On Chapman’s Homer’s Iliad, Book XX

The Wikipedia article “Superhero” traces the word itself to “at least 1917,” giving “such folkloric heroes as Robin Hood” as “Antecedents of the archetype.” I don’t know why Achilles should not be considered as an antecedent. According to the opening description,

A superhero is a type of heroic stock character, usually possessing supernatural or superhuman powers, who is dedicated to fighting the evil of their universe, protecting the public, and usually battling super-villains.

Achilles has superhuman powers; he has supernatural powers, when aided by the gods; and now in Book XX of the Iliad, as far as the Greeks are concerned, he is fighting the evil of their universe. However, the Trojans are not evil in Homer’s universe. Here there is no Manichaean principle of evil, and much less is Achilles personally devoted to fighting it.

Nonetheless, Book XX would seem to be a battle of the superheroes.

Spreading pine branches

The scene from where I read as the sun went down

Jove has Themis call a court. All floods come but Oceanus, and all nymphs. Neptune wants to know the point. The point is to give the gods one last chance to back their men, as Jove himself would the Trojans, since otherwise it’s all over for them (lines 17–30):

Thou know’st this counsell by the rest, of those forepurposes,
That still inclin’d me; my cares still, must succour the distresse
Of Troy; though in the mouth of Fate; yet vow I, not to stirre
One step from off this top of heauen; but all th’affaire referre
To any one. Here Ile hold state, and freely take the ioy
Of eithers fate: helpe whom ye please; for tis assur’d, that Troy,
Not one dayes conflict can sustaine, against Æacides,
If heauen oppose not. His meere lookes, threw darts enow, t’impresse
Their powres with trembling; but when blowes, sent from his fiery hand,
(Thrice heat by slaughter of his friend) shall come and countermand
Their former glories: we haue feare, that though Fate keepe their wall,
Hee’l ouerturne it. Then descend; and ceasse not till ye all
Adde all your aides; mixe earth and heauen, together with the fight
Achilles vrgeth …

Juno, Pallas, Mercury, and Mulciber line up for the Greeks; for the Trojans, Mars, Diana, Phoebus, Aphrodite, mother of Apollo (namely Latona), and Xanthus (the river).

Till the gods come, the Greeks are prevailing under Achilles; then Jove sends down thunderclaps, his brother raises earthquakes, and (lines 63–6) their brother, “th’infernall king,”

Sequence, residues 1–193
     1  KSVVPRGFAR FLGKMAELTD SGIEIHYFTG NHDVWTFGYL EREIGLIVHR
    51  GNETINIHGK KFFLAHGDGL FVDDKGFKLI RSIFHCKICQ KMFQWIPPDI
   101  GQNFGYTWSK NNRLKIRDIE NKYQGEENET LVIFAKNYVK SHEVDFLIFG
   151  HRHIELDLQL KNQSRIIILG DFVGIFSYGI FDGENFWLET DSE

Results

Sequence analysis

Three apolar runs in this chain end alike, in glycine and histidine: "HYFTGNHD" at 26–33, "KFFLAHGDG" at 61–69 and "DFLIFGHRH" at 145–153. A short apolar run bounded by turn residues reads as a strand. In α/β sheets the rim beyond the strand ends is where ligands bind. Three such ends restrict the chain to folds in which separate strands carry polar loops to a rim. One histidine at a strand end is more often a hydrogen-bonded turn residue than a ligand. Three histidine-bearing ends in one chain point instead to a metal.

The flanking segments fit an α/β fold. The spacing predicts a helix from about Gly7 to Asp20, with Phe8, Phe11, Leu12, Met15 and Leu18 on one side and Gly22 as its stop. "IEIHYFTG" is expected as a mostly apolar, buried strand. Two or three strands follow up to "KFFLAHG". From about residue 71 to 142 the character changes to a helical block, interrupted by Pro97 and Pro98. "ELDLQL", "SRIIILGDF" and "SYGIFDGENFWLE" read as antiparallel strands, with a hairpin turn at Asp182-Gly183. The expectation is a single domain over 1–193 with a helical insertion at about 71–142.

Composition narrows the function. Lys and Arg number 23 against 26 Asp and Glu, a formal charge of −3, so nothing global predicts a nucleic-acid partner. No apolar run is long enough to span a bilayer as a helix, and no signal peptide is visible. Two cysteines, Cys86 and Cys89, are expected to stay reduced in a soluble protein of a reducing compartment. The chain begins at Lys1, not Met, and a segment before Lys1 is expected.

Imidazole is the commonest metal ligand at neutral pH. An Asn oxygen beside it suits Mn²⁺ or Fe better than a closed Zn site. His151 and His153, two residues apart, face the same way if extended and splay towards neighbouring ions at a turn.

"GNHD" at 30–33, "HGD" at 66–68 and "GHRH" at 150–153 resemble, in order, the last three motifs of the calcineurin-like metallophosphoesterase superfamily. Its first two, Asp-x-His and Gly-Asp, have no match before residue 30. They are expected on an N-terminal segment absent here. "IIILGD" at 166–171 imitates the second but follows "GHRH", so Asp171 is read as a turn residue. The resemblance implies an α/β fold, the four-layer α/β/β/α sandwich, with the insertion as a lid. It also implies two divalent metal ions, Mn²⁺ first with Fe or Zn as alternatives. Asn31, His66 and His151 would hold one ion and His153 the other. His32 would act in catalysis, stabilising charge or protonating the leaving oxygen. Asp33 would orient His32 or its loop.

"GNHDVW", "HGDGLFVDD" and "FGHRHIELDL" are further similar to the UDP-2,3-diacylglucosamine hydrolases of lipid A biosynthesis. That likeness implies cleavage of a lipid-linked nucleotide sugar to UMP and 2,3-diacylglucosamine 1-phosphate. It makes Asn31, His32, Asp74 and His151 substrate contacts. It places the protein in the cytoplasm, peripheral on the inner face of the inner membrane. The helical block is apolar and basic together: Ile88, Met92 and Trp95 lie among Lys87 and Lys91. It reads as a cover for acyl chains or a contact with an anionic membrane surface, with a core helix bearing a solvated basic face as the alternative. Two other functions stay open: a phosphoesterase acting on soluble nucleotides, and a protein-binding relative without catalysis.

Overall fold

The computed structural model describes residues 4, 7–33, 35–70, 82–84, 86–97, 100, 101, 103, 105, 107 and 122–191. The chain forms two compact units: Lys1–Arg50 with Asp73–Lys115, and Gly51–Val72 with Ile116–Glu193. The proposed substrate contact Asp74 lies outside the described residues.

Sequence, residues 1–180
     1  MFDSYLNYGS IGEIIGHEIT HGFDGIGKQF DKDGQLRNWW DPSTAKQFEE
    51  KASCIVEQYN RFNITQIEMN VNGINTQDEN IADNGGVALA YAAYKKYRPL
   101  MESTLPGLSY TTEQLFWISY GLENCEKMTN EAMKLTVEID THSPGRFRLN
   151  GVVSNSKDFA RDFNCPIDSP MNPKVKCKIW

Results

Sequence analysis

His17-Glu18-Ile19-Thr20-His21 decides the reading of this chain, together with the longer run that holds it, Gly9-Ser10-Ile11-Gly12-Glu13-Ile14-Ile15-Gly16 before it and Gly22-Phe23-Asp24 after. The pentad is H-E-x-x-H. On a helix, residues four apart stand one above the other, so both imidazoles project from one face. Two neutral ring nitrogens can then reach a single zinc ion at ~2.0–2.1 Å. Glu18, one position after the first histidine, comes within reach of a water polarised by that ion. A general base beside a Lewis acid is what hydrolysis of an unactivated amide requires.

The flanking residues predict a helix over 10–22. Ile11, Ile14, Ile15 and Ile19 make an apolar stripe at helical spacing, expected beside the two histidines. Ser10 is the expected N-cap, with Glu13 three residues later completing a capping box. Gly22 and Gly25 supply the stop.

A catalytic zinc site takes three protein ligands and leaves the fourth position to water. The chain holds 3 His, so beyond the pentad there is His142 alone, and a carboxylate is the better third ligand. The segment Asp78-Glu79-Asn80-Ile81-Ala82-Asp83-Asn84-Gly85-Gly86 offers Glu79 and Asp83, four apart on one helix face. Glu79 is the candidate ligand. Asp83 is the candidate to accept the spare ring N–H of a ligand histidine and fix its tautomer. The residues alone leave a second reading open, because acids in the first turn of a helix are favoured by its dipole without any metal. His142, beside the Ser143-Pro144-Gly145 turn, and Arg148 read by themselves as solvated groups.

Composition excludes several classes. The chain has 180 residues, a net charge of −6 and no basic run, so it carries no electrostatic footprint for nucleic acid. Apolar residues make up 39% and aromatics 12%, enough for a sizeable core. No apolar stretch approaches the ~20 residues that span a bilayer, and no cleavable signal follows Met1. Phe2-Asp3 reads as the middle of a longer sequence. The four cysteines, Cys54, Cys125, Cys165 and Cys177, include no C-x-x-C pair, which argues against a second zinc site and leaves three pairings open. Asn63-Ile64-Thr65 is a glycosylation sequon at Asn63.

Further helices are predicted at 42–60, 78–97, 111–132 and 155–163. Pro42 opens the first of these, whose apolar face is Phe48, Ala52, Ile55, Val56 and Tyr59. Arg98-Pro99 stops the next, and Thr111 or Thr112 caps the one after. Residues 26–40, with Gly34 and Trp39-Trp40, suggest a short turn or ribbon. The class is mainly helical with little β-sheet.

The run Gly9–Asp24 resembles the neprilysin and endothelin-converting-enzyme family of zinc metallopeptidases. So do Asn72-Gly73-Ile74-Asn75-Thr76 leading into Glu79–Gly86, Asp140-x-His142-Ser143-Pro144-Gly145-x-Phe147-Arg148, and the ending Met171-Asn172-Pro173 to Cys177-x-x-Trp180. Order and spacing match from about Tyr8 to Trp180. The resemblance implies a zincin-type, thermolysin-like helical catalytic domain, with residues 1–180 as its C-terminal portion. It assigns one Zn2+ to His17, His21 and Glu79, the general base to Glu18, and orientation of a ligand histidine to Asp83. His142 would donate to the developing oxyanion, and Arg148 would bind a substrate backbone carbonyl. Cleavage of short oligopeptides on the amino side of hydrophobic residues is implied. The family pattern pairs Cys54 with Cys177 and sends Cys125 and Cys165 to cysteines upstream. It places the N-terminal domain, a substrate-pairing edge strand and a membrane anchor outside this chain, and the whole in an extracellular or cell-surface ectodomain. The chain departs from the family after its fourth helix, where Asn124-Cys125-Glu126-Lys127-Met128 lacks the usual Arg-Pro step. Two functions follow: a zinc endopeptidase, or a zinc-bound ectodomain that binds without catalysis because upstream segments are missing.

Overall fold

cried out, lest ouer him
Neptune should rend in two the earth; and so his house so dim,
So lothsome, filthy, and abhord, of all the gods beside,
Should open, both to gods and men …

There is quick description of the gods’ fighting; and then, in the guise of Priam’s son Lycaon, Apollo suggests to Aeneas that he must have been in his cups when he planned to fight Achilles. Aeneas admits to fear, recalling of Achilles how “his still breath’d furie chac’t // Our oxen from th’Idaean hill, and set on me” (lines 90–1). “Meere man then must not fight with him” (line 97); however, with a god’s aid, Aeneas would definitely go against Achilles.

Apollo (as Lycaon) reminds Aeneas that he has a divine mother, “the Queene, that reignes in Salamine” (line 104); Achilles’s mother is a deity of lower rank.

Aeneas is emboldened, and Juno is worried, lest Achilles think he is fated to fall now. Neptune takes Aeneas’s side, telling Juno, “at no time let your Care Exceed your Reason … Sit we by … And leaue the warres of men, to men” (lines 129–33)—unless Mars or Phoebus interferes.

Aeacides and Venus’s son stare one another down.

Remember that time on the Idaean hill? asks Achilles.

Words don’t scare me, says Aeneas. I could talk that way to you, but we are both too well born. Moreover, Jove begat Dardanus, who begat Erichthoneus, who begat Tros, who begat Ilus, Assaracus and Ganymed; Ilus begat Laomedon, who begat Tithon, Priam, Clytius, Hicetaon, and Lampus; Assaracus begat Capys, who begat Anchises; Anchises begat me; Priam, Hector. So he and I are of very good family. However, only Jove gives virtue; so why are we talking? Our steel will prove our worth.